Mesenchymal stem cells (MSCs) have become a prominent resource for regenerative medicine as readily available cells, which can be obtained from different sources such as bone marrow [2], umbilical cord blood [3], amniotic fluid [4], scalp tissue [5], placenta [6], or adipose tissue [7] of the human body. These cells show a multipotentiality and semi-infinite proliferation ability. In particular, adipose-derived stem cells (ADSCs) are recognized as one of the most promising MSCs identified thus far since adipose tissue is ubiquitous and easily obtained in large quantities with little donor site morbidity or patient discomfort [813]. Furthermore, recent research has revealed that the use of ADSCs in regenerative medicine is not limited to mesodermal tissue but extends to both ectodermal and endodermal tissues and organs, although ADSCs originate from mesodermal lineages [14, 15].

Here, we describe the isolation of MSCs from human abdominal adipose tissue and their differentiation into hepatocyte-like cells (induced hepatocytes (iHeps)) in vitro using selective cell factors and small molecule compounds. Post-transplantation of hepatocyte-like cells differentiated from human adipose derived stem cells (hADSCs) in experimental models of hepatic injury by carbon tetrachloride could express hepatic specific genes, and possess the functional properties of mature hepatocytes, including secretion of albumin, synthesis of albumin (ALB) and cytochrome P450 enzyme activity. iHeps could restore the liver function and prolong survival. The results show a very important step towards future establishment of an alternative and successful therapy for autologous hepatocytes to treat liver disease.


Isolation, culture, and expansion of hADSCs

hADSCs were isolated from human female abdominal adipose tissue obtained during Caesarean section. The adipose tissue was washed with Hank’s balanced salt solution (HBSS; Gibco). The washing step was repeated until all blood vessels and connective tissues appeared to have been liberated (usually three washes). The adipose tissue sample was minced into small pieces and digested in Dulbecco’s modified Eagle’s medium LG (DMEM-LG; Gibco) containing 1 mg/mL (w/w) collagenase Type I, and then incubated at 37 °C for 30 min with gentle shaking at 120 rpm. After the addition of fetal bovine serum (FBS; Gibco) to a final concentration of 10 % (v/v), the solution was filtered through a 100-μm filter (BD Falcon) to remove solid aggregates. The sample was subsequently centrifuged at 1500 rpm for 5 min at 4 °C. The pellet was washed twice with ice-cold HBSS and centrifuged at 1500 rpm for 5 min. The supernatant was removed and the cell pellet was resuspended in complete medium (DMEM-LG with 15 % FBS and 1 % antibiotic antimycotic solution) in a 75-cm2 culture dish and maintained in an incubator supplied with a humidified atmosphere of 5 % CO2 at 37 °C. After 2 days, non-adherent cells were removed by two or three washes with HBSS and adherent cells were further cultured in complete medium. The medium was changed every 2 days until the monolayer of adherent cells reached 80–90 % confluence. Cell passaging was performed using a 0.25 % trypsin solution (Sigma-Aldrich). Approximately 3 × 105 cells were used to inoculate a 75-cm2 culture dish and incubated at 37 °C and 5 % CO2.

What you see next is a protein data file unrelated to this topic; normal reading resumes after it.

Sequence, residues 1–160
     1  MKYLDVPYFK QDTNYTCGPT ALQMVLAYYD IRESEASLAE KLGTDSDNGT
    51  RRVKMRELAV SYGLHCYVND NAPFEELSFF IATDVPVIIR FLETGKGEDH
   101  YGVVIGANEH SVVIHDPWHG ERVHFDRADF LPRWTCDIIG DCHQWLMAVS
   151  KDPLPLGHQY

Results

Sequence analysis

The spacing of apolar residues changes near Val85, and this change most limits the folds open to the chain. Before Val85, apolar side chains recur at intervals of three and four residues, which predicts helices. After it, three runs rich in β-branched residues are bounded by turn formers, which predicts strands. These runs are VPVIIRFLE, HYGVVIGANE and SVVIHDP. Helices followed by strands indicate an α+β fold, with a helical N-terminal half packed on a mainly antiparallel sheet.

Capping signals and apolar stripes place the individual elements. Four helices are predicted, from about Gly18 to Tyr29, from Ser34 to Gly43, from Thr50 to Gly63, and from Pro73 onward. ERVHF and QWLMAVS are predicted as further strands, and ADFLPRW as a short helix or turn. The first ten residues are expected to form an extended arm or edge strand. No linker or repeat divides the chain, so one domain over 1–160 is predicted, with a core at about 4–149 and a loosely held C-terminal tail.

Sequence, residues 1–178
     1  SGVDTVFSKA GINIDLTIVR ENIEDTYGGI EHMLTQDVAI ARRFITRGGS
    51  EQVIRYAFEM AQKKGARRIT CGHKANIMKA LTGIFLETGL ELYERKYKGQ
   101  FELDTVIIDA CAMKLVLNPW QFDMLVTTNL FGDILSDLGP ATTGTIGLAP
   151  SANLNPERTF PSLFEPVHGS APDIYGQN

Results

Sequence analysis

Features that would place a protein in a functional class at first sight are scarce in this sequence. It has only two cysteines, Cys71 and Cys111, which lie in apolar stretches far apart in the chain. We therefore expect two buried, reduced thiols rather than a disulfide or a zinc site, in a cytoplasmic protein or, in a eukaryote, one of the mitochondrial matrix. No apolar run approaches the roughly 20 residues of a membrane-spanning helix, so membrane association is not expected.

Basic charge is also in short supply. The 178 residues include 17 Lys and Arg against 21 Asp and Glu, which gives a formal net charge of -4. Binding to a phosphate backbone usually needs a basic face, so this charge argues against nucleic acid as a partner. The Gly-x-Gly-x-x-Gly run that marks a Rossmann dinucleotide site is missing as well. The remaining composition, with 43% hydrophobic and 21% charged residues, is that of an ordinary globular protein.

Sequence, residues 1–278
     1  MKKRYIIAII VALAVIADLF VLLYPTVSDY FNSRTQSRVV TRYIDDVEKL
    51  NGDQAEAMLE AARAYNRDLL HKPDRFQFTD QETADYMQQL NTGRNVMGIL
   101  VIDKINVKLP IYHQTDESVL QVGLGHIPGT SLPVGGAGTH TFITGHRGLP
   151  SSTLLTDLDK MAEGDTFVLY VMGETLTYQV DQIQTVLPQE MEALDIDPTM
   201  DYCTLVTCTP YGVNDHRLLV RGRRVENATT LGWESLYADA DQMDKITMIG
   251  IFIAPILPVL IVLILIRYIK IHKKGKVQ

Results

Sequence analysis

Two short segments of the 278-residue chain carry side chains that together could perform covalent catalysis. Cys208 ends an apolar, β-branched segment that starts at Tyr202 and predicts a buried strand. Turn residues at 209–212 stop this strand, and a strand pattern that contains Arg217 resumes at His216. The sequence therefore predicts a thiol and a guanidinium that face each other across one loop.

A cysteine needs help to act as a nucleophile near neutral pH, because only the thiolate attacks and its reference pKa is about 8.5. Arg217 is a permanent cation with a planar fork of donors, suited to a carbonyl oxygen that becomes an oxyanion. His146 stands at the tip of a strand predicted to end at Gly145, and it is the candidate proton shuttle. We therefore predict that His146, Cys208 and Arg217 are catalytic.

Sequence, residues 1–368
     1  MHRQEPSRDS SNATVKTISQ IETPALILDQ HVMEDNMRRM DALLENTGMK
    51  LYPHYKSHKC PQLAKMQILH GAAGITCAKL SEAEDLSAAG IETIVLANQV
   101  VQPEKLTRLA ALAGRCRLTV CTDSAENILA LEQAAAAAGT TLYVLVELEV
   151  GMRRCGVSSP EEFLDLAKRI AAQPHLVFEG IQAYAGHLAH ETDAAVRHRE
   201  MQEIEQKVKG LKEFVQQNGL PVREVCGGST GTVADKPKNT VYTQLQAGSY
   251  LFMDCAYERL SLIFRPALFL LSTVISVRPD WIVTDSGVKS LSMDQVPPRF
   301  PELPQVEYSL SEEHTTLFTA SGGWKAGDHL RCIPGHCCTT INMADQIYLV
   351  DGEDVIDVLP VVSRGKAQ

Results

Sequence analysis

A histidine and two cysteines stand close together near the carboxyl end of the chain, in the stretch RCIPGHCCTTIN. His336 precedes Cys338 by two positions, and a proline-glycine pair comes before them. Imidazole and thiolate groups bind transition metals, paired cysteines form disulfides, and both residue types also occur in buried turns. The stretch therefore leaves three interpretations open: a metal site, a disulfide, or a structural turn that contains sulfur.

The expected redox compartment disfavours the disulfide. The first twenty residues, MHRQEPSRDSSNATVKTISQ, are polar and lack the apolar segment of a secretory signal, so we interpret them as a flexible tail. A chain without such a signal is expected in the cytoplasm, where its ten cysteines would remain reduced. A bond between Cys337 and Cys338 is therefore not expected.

Primary human hepatocyte isolation